Regarding the handles to the child process, note that in the following code:

    my $fh = System::Command->new( @cmd )->stdout;

$fh is opened and points to the output handle of the child process, while the anonymous System::Command object has been destroyed. Once $fh is destroyed, the subprocess will be reaped, thus avoiding zombies. (System::Command::Reaper undertakes this process.)

After the call to close() or after is_terminated() returns true, the following attributes will be defined (note that the accessors always run is_terminated(), to improve their chance of getting a value if the process just finished):


The exit status of the underlying command.


The signal, if any, that killed the command.


A boolean value indicating if the command dumped core.

Even when not having a reference to the System::Command object any more, it's still possible to get the exit, core or signal values, using the options of the same name:

    my $fh = System::Command->new( @cmd, { exit => \my $exit } )->stdout;

Once the command is terminated, the $exit variable will contain the value that would have been returned by the exit() method.


Note that System::Command uses waitpid() to catch the status information of the child processes it starts. This means that if your code (or any module you use) does something like the following:

    local $SIG{CHLD} = 'IGNORE';    # reap child processes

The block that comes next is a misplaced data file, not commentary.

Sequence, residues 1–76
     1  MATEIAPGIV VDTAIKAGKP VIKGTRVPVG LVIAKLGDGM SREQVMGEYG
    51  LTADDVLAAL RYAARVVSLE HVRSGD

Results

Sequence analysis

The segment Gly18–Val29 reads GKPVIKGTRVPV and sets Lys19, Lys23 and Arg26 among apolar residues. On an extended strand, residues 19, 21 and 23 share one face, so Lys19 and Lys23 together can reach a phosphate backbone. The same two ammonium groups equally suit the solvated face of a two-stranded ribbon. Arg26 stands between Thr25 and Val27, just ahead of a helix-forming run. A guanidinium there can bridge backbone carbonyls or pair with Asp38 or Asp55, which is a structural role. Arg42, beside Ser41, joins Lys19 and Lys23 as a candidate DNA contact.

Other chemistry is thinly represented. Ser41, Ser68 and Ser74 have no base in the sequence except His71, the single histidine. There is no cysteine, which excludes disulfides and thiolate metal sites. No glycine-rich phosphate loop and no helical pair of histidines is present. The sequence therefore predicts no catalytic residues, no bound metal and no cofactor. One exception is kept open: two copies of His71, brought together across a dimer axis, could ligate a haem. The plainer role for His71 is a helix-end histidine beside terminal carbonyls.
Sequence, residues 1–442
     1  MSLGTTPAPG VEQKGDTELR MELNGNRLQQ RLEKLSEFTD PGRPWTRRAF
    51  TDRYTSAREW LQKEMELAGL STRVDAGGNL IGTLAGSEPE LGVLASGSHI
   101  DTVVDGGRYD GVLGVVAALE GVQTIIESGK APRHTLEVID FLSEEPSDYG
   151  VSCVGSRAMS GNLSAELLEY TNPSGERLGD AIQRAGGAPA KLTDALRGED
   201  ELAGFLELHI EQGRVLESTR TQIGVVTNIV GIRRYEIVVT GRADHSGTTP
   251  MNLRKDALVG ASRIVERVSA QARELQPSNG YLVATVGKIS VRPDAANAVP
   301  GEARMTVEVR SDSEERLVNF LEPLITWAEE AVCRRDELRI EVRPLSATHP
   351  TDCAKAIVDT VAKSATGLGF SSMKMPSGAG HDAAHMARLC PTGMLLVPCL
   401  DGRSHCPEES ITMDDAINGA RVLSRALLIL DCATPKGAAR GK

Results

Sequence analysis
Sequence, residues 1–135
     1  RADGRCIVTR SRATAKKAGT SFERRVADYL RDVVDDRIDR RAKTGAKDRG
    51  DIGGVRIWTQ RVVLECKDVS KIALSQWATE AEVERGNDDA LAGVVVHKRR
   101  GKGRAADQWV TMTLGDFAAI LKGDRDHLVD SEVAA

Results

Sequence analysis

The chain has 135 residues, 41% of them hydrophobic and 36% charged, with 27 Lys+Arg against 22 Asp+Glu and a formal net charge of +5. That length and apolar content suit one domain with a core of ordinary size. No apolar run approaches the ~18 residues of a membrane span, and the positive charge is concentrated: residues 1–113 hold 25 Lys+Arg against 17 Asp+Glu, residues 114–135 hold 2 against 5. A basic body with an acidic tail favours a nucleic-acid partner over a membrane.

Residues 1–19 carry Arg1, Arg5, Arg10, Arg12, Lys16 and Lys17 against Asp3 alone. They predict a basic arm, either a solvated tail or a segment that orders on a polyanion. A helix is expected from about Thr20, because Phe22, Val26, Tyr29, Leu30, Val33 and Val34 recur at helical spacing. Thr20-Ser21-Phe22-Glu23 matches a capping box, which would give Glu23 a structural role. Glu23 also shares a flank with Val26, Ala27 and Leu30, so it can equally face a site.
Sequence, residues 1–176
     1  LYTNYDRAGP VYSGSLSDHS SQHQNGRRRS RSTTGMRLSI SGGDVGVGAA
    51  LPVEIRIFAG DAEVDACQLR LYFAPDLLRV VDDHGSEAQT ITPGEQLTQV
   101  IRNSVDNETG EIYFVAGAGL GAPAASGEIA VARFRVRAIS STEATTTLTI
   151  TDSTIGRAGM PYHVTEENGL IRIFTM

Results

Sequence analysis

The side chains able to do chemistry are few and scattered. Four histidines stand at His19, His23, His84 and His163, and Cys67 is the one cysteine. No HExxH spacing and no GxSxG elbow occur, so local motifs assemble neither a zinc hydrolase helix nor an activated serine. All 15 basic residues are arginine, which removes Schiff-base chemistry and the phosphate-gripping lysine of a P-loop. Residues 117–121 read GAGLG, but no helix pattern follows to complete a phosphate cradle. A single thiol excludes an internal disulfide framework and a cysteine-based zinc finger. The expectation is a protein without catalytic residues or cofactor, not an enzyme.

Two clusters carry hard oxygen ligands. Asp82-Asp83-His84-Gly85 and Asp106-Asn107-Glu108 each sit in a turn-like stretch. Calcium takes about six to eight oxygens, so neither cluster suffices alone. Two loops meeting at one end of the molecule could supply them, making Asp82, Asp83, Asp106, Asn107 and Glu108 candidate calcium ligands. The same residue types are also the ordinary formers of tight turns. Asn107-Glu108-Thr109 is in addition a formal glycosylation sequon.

System::Command will not be able to capture the exit, signal and core attributes. It will instead set all of them to the impossible value -1, and display the warning Child process already reaped, check for a SIGCHLD handler.

To silence this warning (and accept the impossible status information), load System::Command with:

    use System::Command -quiet;

It is also possible to more finely control the warning by setting the $System::Command::QUIET variable (the warning is not emitted if the variable is set to a true value).

If the subprocess started by System::Command has a short life expectancy, and no other child process is expected to die during that time, you could even disable the handler locally (use at your own risks):

        local $SIG{CHLD};
        my $cmd = System::Command->new(@cmd);


Philippe Bruhat (BooK), <book at>


Thanks to Alexis Sukrieh (SUKRIA) who, when he saw the description of Git::Repository::Command during my talk at 2010, asked why it was not an independent module. This module was started by taking out of Git::Repository::Command 1.08 the parts that weren't related to Git.

Thanks to Christian Walde (MITHALDU) for his help in making this module work better under Win32.

The System::Command::Reaper class was added after the addition of Git::Repository::Command::Reaper in Git::Repository::Command 1.11. It was later removed from System::Command version 1.03, and brought back from the dead to deal with the zombie apocalypse in version 1.106. The idea of a reaper class comes from Vincent Pit.

Thanks to Tim Bunce for using Git::Repository and making many suggestions based on his use and needs. Most of them turned into improvement for System::Command instead, once we figured out that the more general feature idea really belonged there.


Please report any bugs or feature requests to bug-system-command at, or through the web interface at I will be notified, and then you'll automatically be notified of progress on your bug as I make changes.


You can find documentation for this module with the perldoc command.

    perldoc System::Command

You can also look for information at:


Copyright 2010-2016 Philippe Bruhat (BooK).


This program is free software; you can redistribute it and/or modify it under the terms of either: the GNU General Public License as published by the Free Software Foundation; or the Artistic License.

See for more information.